Wednesday, January 9, 2008

Malaysian Home Minister: No ban on worker intake

Home Minister: No Ban On Worker Intake
P. S. Suryanarayana
KUALA LUMPUR: Malaysia on Wednesday said there never was a move to suspend or stop intake of workers from India. Nor was it seeking to limit the flow of professionals into its information technology sector and other specialty areas.
Making a statement to "clear the air" following some reports (not in The Hindu) about such a freeze, Home Minister Mohd Radzi Sheikh Ahmad said: "Let me categorically state that the Ministry of Home Affairs has never come up with any sort of ruling or circulars to say that we are stopping [and] we have stopped taking foreign workers from India, what more, those people who are professionals."
Mr. Radzi told a press conference that no ban was clamped on recruitment of temple priests from India or anywhere else. However, Malaysia would like to encourage the appointment of priests from within its ethnic Indian minority. New applications for priests from India would be considered case by case. As for renewals of work visas for Indian priests, "we go for stringent interview." At the same time, there was "never" an attempt to "slash" the period of renewals.
About inviting Indian professionals, Mr. Radzi said: "I don't think there is any limit. It is up to the demand-and-supply [dynamics]."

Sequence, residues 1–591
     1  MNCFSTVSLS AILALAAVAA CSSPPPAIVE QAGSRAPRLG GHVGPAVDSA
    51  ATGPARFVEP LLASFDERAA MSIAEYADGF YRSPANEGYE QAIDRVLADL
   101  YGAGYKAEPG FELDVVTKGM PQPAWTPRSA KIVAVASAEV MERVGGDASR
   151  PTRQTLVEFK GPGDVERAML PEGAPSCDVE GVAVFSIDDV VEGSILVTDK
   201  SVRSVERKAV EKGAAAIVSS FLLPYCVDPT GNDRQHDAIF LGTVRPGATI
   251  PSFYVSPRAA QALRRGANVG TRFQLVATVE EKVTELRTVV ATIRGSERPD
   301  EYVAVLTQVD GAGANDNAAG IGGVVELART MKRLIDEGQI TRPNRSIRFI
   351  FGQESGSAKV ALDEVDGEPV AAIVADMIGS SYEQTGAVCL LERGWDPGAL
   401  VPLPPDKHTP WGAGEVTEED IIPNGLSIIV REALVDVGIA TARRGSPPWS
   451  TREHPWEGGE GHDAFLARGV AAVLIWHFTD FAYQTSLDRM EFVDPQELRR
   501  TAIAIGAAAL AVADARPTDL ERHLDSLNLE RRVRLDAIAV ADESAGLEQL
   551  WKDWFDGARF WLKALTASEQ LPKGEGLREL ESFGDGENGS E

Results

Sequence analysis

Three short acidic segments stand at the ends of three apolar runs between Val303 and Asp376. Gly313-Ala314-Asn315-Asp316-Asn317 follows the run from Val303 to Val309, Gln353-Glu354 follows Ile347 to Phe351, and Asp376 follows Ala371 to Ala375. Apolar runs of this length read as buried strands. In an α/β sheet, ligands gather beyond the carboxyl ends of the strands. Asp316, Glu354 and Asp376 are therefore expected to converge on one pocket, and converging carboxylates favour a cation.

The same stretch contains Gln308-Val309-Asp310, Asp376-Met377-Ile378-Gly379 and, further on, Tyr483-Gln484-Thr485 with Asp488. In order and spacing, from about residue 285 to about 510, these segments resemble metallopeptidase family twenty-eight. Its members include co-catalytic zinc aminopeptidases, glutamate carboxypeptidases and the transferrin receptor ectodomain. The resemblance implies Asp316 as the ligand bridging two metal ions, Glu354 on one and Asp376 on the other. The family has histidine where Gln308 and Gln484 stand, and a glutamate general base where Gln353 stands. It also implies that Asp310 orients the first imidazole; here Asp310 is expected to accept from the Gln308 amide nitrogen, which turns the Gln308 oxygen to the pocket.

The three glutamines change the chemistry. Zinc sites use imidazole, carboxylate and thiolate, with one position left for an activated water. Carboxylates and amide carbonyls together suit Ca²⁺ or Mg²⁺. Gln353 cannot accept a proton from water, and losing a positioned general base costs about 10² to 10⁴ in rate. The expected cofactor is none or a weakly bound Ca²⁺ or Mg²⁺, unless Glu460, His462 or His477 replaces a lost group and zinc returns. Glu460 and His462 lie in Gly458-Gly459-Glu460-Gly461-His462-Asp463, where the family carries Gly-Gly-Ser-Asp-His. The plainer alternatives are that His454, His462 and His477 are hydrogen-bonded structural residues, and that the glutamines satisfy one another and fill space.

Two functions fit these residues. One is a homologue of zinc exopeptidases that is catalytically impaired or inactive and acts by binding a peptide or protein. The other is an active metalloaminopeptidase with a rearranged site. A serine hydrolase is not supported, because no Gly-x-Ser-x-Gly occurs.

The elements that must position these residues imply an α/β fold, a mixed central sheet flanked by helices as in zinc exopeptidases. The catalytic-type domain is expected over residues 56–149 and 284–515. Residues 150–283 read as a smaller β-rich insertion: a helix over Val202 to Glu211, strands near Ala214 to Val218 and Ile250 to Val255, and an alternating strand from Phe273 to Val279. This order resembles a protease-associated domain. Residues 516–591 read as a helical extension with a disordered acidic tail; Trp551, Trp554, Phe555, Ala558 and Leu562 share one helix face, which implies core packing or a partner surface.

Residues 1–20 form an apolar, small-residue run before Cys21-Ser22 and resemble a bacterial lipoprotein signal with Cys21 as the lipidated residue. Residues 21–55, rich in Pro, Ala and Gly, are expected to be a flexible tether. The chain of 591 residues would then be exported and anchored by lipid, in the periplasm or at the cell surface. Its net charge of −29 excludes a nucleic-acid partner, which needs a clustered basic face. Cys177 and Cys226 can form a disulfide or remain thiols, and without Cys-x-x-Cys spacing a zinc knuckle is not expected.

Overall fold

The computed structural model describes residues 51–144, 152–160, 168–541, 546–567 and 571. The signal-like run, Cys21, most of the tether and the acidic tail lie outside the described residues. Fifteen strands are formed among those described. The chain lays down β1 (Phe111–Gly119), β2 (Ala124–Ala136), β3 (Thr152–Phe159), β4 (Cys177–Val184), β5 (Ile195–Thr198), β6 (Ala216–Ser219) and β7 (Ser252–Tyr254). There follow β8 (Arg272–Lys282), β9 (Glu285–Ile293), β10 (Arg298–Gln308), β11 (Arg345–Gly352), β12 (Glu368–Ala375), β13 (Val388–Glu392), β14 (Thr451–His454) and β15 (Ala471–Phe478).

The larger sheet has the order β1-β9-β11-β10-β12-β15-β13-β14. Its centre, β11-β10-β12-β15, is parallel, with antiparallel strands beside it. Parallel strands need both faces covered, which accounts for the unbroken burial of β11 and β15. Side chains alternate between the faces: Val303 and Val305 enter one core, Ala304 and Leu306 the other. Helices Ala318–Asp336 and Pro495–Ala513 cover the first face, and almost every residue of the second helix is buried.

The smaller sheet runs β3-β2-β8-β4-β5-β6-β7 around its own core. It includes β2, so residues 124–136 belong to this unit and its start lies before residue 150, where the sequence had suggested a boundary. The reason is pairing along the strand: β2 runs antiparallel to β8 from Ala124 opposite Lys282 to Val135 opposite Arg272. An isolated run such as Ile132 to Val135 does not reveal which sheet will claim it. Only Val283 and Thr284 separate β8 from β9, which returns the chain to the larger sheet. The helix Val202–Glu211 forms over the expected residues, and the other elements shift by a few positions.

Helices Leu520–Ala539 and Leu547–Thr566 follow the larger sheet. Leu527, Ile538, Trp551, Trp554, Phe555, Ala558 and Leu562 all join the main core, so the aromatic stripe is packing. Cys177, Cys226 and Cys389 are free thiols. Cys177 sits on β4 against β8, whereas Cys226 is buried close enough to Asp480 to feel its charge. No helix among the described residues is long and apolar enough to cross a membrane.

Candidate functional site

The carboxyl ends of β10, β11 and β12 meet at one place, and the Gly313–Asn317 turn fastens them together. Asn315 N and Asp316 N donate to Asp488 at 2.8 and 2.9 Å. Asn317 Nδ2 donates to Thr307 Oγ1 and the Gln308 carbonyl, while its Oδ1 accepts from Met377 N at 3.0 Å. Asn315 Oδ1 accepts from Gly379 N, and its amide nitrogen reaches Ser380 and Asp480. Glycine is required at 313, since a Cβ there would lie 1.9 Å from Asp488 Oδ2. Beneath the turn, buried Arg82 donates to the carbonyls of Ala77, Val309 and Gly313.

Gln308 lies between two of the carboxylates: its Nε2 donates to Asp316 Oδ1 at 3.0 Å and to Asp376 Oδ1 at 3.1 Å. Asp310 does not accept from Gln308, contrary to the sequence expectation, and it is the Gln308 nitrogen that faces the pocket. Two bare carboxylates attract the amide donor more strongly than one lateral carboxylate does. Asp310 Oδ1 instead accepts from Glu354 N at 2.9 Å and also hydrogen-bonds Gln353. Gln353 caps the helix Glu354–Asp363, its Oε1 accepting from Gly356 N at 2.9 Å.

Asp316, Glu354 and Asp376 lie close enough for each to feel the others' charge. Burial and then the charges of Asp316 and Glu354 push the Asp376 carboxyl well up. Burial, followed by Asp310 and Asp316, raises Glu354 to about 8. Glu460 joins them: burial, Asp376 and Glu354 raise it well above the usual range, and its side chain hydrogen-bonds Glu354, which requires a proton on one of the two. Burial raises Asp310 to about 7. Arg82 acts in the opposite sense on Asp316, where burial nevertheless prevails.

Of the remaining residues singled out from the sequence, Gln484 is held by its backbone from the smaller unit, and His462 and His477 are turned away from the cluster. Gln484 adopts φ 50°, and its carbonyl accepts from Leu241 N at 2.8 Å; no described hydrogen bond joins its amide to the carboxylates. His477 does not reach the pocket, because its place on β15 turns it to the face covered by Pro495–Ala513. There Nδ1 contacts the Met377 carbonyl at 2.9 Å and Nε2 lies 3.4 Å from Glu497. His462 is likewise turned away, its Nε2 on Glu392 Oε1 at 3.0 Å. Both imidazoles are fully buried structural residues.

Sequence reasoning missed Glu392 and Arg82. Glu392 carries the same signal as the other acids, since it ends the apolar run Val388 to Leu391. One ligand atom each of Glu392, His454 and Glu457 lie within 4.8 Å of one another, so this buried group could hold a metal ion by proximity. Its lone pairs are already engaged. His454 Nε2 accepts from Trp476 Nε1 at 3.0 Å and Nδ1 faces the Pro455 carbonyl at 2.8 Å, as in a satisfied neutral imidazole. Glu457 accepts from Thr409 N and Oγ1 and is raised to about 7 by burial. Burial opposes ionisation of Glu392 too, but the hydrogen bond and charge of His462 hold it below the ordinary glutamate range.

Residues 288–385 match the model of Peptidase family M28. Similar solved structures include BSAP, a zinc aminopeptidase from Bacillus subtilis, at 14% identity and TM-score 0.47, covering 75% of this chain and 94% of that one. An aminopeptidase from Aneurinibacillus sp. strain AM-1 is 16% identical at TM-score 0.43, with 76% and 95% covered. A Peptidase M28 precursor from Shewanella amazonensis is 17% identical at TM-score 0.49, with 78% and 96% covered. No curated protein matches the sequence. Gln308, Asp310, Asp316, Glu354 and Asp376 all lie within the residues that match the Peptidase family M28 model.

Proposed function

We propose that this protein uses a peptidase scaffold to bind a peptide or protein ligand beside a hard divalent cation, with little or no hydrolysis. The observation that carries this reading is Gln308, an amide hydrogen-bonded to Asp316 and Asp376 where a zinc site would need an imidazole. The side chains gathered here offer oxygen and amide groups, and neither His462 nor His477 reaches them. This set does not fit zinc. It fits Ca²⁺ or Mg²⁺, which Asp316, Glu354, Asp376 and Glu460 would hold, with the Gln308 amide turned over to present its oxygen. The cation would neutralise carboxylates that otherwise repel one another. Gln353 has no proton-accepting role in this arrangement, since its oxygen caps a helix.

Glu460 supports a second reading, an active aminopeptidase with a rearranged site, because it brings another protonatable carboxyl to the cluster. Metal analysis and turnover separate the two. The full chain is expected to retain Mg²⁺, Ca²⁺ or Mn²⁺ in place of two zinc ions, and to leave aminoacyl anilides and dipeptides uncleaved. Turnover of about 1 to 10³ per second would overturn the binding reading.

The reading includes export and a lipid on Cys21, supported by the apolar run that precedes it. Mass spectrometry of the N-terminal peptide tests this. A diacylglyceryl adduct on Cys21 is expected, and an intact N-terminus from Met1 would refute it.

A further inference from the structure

He said: "In October [last year], we did make a decision to suspend, to freeze for a while, the intake from Bangladesh. Because, we found that the [employment] agents on both sides had not done their work, resulting in unfair treatment of [those] workers."
Based on the "lesson" drawn, Malaysia wanted to "make sure" that a "system that is more orderly" would be adopted to safeguard the interests of workers from the "source countries," he said, emphasising that the initiative applied to India as well.
Following this, "more stringent" practices were under way. Potential employers would first have to secure a go-ahead certificate from the Ministry of Human Resource. These certificates would be vetted by a small inter-ministerial panel before final approval. This system was devised to end the practice of Malaysian employers going in for "lavish" recruitment of cheap foreign labour.

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